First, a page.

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Quantis Appliance 2.0

Quantum Random Number Generator for security applications and online gaming

  • Trusted source of quantum randomness
  • Distributed architecture to support multiple applications simultaneously
  • Seamless integration in any network or security solution
  • Simple, web-based configuration and management
  • Live status verification & health check output

Redefining randomness

The Quantis Appliance is a network-attached device, which securely generates and delivers high-quality random numbers for security and cryptographic applications in enterprise, government, gaming, datacenter and cloud environments. The Quantis Appliance is designed for environments where high availability is crucial. It can be inserted in, or removed from, an operating network with no impact on any other appliance, such as servers, switches, encryptors, authentication servers and any security modules.

The random numbers generated by the Quantis Appliance are used for different applications: to generate high-quality cryptographic keys for encryption or authentication; to seed deterministic PRNGs and provide additional randomness for commercial security modules, or to provide entropy for mathematical simulations.

Additionally, the Quantis Appliance helps the gaming industry to move from a dedicated to a centralized random number generation architecture, functioning as the central node of a distributed network of randomness. This allows higher flexibility, easier maintenance, better protection against any kind of physical tampering, and higher ROI.

The Quantis Appliance serves as a hardware source of trust for cloud or distributed environments, with both Linux and Windows operating systems. It provides secure keys for Virtual Machines (VMs), Virtual Private Networks (VPNs), and remote desktops. It is also used in Randomness-as-a-Service (RaaS) or Security-as-a-Service (SaaS) environments.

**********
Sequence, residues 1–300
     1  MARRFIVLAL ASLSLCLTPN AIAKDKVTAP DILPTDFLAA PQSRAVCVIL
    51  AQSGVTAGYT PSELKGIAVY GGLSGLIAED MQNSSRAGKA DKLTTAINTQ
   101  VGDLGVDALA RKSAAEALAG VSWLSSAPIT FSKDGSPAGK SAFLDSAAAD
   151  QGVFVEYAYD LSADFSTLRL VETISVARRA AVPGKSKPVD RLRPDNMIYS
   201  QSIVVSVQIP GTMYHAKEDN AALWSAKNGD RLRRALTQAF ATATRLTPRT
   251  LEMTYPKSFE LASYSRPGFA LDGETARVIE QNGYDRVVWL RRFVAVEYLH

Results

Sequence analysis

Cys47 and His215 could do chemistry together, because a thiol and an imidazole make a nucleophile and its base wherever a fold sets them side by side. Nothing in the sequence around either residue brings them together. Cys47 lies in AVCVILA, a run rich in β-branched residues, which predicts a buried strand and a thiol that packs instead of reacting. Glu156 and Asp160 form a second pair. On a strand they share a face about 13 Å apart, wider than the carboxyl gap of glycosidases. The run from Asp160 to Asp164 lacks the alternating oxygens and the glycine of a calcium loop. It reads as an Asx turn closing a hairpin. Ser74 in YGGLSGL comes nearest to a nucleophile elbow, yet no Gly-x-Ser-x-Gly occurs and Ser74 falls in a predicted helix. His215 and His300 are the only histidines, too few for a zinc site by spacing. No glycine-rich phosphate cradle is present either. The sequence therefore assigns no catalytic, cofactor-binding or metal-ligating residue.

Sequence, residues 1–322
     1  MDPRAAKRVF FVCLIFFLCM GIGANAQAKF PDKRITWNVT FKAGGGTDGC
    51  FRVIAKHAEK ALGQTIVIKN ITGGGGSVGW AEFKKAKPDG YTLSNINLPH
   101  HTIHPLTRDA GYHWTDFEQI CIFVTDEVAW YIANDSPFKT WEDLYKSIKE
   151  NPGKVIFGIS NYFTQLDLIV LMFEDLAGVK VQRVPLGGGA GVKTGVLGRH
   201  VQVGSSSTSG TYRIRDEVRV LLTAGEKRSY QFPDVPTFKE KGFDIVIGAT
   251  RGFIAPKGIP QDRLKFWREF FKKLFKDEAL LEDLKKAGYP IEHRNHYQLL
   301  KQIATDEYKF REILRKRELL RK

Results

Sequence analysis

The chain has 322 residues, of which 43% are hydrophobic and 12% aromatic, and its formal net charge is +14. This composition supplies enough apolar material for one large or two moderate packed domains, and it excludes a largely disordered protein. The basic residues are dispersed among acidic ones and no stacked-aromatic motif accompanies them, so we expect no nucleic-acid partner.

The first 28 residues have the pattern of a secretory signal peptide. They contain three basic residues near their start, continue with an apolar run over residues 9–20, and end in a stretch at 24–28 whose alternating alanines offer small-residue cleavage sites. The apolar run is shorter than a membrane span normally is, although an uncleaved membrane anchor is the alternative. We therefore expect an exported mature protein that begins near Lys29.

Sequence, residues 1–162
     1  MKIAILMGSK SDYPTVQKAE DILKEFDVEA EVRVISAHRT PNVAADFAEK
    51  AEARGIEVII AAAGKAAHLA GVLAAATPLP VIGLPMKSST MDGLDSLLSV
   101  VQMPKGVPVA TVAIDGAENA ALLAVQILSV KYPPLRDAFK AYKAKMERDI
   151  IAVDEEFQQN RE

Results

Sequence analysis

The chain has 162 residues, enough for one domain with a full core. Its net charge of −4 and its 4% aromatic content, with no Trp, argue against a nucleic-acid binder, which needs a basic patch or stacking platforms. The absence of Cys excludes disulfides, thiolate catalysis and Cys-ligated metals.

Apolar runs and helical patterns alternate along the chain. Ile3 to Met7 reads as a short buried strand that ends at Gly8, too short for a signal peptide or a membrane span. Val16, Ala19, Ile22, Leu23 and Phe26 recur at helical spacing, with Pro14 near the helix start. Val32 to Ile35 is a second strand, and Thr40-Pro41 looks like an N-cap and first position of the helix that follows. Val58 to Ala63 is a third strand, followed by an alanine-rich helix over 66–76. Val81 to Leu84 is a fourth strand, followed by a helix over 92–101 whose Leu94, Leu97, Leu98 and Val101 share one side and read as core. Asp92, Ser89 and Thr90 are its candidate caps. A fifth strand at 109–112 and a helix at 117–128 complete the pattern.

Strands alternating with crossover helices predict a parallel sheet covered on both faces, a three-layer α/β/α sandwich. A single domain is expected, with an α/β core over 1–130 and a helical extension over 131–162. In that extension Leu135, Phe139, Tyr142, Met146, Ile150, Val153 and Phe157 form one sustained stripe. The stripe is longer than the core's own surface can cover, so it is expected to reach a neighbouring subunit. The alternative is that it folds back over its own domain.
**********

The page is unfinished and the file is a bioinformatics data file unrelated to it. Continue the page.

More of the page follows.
Designed for Datacenters

Performant and simple
The Quantis Appliance is an autonomous device, which integrates seamlessly through standard REST API into different types of networks. The system architecture has been specifically developed with parallelizable processes that allow to serve multiple servers with true randomness at minimized latency and offer the best performance without compromising security, even at peak times. It is able to serve 8’000 requests of 256-bit keys per second from multiple threads in parallel. The Quantis Appliance can also be put in streaming mode where it delivers random bits on the fly.

For troubleshooting, the Quantis Appliance generates syslog alerts in case of failure of the power supplies, CPU and RAMs, and failure to provide QRNG data on a request. The watchdog control guarantees low maintenance efforts, ensuring an automatic restart of the Quantis Appliance if any error or malfunction occurs.

Reliable and Secure
The new Quantis Appliance was specifically designed to meet the requirements of high availability environments with a robust FIPS/NEBS compliant chassis, redundant power supplies and hot-swap redundant fans. The Quantis Appliance also supports Hot Standby feature using keepalive and the VRRP protocol.

Remote access to the appliance is possible only from allowed IP addresses and authorized users with password. SSL certificates are configurable by the admin user only.

IDQ follows best practices and continually performs quality and security testing on its Quantis quantum random number generation products, in line with the recommendations from the most demanding standard institutions worldwide. All IDQ QRNG products pass NIST SP800-90B, SP800-22 and DieHarder tests.

Linux Entropy Feeder

The Quantis Appliance serves as a hardware source of trust for cloud or distributed environments, with both Linux and Windows operating systems. The Linux entropy pool is notoriously bad as it has little access to external entropy sources apart from disc interrupts and other fluctuations. By installing a daemon on the Linux host, the Quantis Appliance monitors the kernel entropy pool and feeds entropy into the pool e.g for establishing secure SSL connection. As this is done on the level of the Linux entropy pool, the FIPS or other security certifications of the crypto stack are retained.

  • Data integrity and confidentiality
  • User and system authentication
  • Security of virtual machines, servers, gateways and remote desktops
  • Online Gaming / Random drawings
  • Virtual Private Networks encryption
  • PKI and certificate management
  • Mobile subscribers authentication
  • Financial transactions and blockchain
  • Randomness-as-a-service (RaaS)
  • Simulations and modelling
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